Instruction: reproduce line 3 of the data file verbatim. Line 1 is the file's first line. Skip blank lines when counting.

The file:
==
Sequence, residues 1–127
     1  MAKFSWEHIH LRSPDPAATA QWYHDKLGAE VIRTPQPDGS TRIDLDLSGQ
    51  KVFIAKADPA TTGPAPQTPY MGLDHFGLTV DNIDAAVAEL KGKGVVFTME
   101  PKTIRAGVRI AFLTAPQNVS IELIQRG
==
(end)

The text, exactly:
    51  KVFIAKADPA TTGPAPQTPY MGLDHFGLTV DNIDAAVAEL KGKGVVFTME